Saturday, January 12, 2013

Stars In Our Eyes (Book Review: The Fault In Our Stars, John Green)

In December, when everyone was listing the best books of 2012, one title kept on coming up: "The Fault In Our Stars," by John Green. I've had this title on my TBR for a while now, but I have been putting it off, probably because it is about a sixteen year old cancer patient. I mean, I told myself, I have enough depression in my life to add another depressed person's story to it. But everyone has been raving about this, and it has such a devoted following that it even has its own Tumblr.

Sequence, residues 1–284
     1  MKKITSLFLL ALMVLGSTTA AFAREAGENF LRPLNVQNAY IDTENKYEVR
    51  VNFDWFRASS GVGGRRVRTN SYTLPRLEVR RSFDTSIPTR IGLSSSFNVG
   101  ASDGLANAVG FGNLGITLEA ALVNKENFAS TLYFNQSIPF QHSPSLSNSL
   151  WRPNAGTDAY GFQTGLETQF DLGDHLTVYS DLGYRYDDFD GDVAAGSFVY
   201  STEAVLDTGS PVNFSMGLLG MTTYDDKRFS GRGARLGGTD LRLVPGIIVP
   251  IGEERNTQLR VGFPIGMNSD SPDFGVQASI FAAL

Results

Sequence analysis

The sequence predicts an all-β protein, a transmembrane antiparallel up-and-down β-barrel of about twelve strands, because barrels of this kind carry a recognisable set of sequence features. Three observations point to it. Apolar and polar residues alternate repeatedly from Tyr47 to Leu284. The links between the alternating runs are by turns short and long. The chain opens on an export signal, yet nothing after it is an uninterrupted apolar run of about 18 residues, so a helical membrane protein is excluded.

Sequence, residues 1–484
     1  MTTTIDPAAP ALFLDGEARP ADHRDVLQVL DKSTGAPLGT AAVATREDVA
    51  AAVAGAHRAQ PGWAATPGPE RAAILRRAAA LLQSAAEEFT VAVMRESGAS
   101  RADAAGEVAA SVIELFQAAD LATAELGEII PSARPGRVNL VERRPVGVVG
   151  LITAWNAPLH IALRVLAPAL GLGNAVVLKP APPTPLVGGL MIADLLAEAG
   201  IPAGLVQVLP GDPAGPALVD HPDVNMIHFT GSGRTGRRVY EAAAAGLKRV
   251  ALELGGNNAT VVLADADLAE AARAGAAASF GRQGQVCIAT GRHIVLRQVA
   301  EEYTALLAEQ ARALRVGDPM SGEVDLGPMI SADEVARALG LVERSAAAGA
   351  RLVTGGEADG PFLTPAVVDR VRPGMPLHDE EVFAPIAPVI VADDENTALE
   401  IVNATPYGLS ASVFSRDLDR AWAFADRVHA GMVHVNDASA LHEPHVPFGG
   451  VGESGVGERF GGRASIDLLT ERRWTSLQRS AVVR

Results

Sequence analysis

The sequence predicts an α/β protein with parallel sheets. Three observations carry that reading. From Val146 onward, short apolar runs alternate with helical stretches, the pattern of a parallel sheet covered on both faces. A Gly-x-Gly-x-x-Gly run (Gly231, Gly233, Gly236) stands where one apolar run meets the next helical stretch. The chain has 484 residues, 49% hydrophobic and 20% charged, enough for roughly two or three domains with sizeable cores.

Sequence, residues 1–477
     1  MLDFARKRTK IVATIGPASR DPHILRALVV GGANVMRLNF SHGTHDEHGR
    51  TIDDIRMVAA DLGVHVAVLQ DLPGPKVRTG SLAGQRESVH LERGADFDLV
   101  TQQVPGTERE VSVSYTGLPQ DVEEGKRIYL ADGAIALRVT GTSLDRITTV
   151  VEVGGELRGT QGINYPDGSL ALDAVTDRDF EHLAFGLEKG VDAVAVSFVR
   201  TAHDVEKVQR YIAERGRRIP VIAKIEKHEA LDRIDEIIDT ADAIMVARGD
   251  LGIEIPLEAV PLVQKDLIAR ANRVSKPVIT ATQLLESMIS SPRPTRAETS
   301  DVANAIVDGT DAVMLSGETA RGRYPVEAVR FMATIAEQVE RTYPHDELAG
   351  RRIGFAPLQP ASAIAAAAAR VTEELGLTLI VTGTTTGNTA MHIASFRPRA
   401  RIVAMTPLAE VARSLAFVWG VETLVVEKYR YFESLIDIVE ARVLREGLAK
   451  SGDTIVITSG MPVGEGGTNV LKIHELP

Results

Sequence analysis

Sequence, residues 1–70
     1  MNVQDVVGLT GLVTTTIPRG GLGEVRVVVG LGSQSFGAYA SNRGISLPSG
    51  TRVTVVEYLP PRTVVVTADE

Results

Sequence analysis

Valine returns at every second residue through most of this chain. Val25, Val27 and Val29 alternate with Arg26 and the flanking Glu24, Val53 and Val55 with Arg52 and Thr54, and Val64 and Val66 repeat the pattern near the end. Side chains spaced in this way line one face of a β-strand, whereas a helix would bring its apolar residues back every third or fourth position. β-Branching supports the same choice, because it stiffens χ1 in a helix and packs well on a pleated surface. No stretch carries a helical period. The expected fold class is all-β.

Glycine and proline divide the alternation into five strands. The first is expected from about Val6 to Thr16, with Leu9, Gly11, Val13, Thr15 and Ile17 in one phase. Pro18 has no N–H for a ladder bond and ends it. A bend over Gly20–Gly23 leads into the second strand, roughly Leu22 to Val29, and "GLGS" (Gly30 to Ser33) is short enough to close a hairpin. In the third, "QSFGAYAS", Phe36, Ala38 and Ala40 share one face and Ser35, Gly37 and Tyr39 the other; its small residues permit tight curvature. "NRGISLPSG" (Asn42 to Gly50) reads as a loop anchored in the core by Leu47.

I read it and finished it last night, and I am still quite shaken. This is an extraordinary book. It touched me in a lot of different ways, and I actually had dreams about the characters: they wouldn't leave my consciousness: hey have seeped into my core being. Hazel Grace has thyroid cancer and has to breathe with an oxygen tube. She meets Augustus, who is in caner remission, but has lost his leg in the process. They meet cute: at a cancer support group meeting, and they fall in love. They do so not in a bombastic rom-com way, they just do. They exchange their favorite books, they play video games with Isaac, a fellow Cancer kid who loses his eye, and girlfriend when he does. This book is supposed to be a tragic story - tragic things happen - but it is surprisingly uplifting maybe because if the wise smart-alecky attitude of these young people. They laugh, they live their lives, they swoon, they flirt. In some ways, they live fuller lives, maybe not from choice. Hazel and Gus take a trip to Amsterdam and Green writes about the place intimately: you can practically smell the canals as he describes them (I read on the acknowledgements that he spent time in Amsterdam while writing this) Sure, the book is a bit manipulative, and it practically gives you instructions on when to turn on the waterworks, but is subtle enough. I can imagine why this book has resonated with a lot of people. If someone asks me to describe love, I will just tell them read "The Fault In Our Stars," and they will understand.  


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